The shift operators are sometimes used to isolate bit fields by shifting left and then shifting right to zero out unwanted bits and to right justify the bits desired, like so:

(i << 2) >> 4;

which would isolate bits 29 to 2, right justified in i. The unwary may be taken in, if i is signed and negative (a 1 bit at bit position 31), by the implementation-specified zeros or ones shifted in from the left. Even more obscurely, the result is undefined if the right operand of a shift is negative, or the shift is greater than the size in bits of the left operand type.

Macro defines, with the wanted bits set to ones, are used to declare bit masks to be ANDed with some object variable to zero unwanted bits, while leaving the mask bits alone. You can isolate the necessary bits with something like:

#define MASK 0x0001fff0

but you still need a right shift to right justify the bit field, if arithmetic operation is desired on the bit field. The bit field is also limited to the boundaries of the underlying object — some fundamental C type — and thus cannot be used to extract some boundary-crossing bit field in an arbitrary binary record. More complicated operations to extract both ends of such a bit field and put them back together are necessary. This historical limitation of C has resulted in the construction of many standards-based binary records that have boundaries naturally suited to C. Just look at TCP/IP headers, for example.

My point here is not to provide a tutorial on the details and variability of C bit-field manipulation, but to illustrate that so much is implementation-dependent or undefined, and that considerable effort must be expended to manipulate complex binary records. See C: A Reference Manual, by Samuel P. Harbison and Guy Steele, Jr. (Englewood Cliffs, NJ: Prentice Hall, 1995), for all the necessary details.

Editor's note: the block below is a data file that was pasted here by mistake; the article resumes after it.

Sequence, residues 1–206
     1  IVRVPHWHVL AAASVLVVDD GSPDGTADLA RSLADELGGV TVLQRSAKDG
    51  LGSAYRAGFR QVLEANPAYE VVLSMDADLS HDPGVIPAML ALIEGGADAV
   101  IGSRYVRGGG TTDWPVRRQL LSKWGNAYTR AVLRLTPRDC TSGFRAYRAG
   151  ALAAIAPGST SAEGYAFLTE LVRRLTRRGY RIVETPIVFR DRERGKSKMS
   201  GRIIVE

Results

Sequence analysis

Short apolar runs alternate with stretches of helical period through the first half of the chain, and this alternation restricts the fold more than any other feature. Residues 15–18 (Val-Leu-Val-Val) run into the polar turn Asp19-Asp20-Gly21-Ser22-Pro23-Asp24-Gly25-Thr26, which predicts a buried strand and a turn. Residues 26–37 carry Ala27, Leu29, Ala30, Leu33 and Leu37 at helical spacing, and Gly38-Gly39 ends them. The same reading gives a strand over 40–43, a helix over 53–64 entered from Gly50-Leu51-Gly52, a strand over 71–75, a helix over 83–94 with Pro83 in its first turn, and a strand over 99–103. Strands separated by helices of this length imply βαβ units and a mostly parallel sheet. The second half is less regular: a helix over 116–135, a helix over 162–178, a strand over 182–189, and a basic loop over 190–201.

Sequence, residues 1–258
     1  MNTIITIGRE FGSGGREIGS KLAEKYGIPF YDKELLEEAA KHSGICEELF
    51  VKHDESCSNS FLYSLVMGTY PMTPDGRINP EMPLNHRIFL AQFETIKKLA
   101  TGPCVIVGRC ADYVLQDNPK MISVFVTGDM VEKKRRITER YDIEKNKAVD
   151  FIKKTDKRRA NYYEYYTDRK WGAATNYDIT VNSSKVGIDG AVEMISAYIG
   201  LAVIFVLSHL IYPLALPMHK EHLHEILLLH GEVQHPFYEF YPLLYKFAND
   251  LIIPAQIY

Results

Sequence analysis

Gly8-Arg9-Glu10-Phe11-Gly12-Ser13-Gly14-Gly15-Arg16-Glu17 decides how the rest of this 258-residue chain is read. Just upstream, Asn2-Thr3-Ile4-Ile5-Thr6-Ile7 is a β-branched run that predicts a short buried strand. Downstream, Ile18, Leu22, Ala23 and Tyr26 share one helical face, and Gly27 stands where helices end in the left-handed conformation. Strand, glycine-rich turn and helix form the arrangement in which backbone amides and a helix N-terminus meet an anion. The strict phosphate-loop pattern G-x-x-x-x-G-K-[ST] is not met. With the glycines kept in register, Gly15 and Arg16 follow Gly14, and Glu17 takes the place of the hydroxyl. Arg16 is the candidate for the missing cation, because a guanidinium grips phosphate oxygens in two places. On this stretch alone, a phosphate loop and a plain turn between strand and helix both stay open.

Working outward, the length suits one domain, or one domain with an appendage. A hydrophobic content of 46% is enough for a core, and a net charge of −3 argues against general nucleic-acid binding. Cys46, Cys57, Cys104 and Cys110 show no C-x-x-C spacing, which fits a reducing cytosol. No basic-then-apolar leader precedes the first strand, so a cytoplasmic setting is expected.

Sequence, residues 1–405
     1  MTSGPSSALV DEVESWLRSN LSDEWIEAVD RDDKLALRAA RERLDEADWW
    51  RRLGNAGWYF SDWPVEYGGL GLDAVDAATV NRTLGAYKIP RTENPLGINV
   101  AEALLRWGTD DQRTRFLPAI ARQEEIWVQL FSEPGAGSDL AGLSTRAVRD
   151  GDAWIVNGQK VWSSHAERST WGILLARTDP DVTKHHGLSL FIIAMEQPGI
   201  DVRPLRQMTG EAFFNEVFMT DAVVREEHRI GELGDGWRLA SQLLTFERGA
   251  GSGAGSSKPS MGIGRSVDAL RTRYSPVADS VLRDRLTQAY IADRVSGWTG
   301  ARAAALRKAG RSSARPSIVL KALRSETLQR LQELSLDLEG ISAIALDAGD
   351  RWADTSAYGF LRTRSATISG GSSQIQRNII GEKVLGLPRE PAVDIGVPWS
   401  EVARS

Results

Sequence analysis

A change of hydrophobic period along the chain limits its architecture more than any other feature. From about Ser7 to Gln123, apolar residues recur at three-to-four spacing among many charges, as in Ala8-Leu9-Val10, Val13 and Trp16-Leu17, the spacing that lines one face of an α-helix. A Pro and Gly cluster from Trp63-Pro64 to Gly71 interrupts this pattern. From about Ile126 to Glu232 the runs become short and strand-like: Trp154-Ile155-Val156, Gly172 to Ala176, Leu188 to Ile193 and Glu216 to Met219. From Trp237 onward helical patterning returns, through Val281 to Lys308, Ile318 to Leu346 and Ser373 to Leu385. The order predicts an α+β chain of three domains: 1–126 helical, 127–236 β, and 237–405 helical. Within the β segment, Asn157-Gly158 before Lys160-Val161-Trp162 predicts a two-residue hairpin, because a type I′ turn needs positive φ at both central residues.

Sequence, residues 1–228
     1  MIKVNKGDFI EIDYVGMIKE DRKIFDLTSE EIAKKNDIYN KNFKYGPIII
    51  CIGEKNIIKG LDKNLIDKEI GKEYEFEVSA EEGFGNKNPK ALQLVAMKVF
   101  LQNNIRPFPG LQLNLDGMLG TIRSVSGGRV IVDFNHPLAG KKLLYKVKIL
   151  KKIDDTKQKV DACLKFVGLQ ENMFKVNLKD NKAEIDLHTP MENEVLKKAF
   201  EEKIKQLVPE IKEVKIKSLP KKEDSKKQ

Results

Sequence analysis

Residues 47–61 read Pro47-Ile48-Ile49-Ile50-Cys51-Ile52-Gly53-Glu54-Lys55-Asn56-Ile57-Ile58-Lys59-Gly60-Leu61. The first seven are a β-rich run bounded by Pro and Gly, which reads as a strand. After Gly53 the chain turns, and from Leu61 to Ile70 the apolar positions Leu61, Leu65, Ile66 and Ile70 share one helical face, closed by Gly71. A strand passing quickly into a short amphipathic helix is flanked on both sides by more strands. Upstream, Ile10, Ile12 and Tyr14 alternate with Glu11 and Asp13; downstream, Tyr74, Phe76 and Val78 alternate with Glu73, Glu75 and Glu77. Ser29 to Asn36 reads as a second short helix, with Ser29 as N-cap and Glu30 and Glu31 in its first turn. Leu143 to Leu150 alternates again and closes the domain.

An alternative solution

After many years of noodling with the C approach — both with my own code and several dark encounters with others’ code — I decided to write a simpler API. This API would be easy to use, would isolate the bit picking inside subroutines, and would make code based on the API more easily updated if the underlying machine changed either in instruction set or in the fundamental word length that could be bit shifted.

I thought it would be nice to have some routine(s) that would take an unsigned character array of arbitrary length and a bit number location, independent of char boundaries along the array, and insert (or extract) a bit field of specified arbitrary length at that location (well, almost arbitrary; I’ll explain in more detail in the section on caveats). And so were born the bit field insert, bfi(), and bit field extract, bfx() functions. Their prototypes follow:

void bfi(unsigned char *cptr,
unsigned long bit_offset,
unsigned long bit_len, long

• cptr—pointer to unsigned char array

• bit_offset—bit offset (starting from 1) from the start of the char array

• bit_len—bit length of field to insert

• value —value to be inserted

unsigned long bfx(unsigned char
*cptr, unsigned long bit_offset,
unsigned long bit_len);

• cptr—pointer to unsigned char array

• bit_offset—bit offset (starting from 1) from the start of the char array

• bit_len—bit length of field to extract

This solution seemed compellingly simple. Arbitrary binary records could now be specified in a C type-independent and underlying type boundary-independent way. I chose to start with bit 1 in order to make the bit numbering scheme as intuitive as possible — the first bit is bit 1. Examples of this API usage for a two-byte array follow.

Insertion example:

unsigned char cp[2];
bfi(cp, 1, 1, 0); set bit 1 to
bfi(cp, 2, 2, 3); set bits 2-3 to
bfi(cp, 4, 4, 8); set bits 4-7 to
bfi(cp, 8, 2, 1); set bits 8-9 to
bfi(cp, 10, 3, 0x7); set bits 10-
12 to 7(b111)
bfi(cp, 13, 4, 0xf); set bits 13-
16 to 0xf(b1111)

At this point, cp[2] will be set to 0x70ff.

Extraction example:

l1 = bfx(cp, 1, 2); sets l1 to 1
l2 = bfx(cp, 3, 1); sets l2 to 1
l3 = bfx(cp, 4, 6); sets l3 to 33
l4 = bfx(cp, 10, 4); sets l4 to 15
l5 = bfx(cp, 14, 3); sets l5 to 7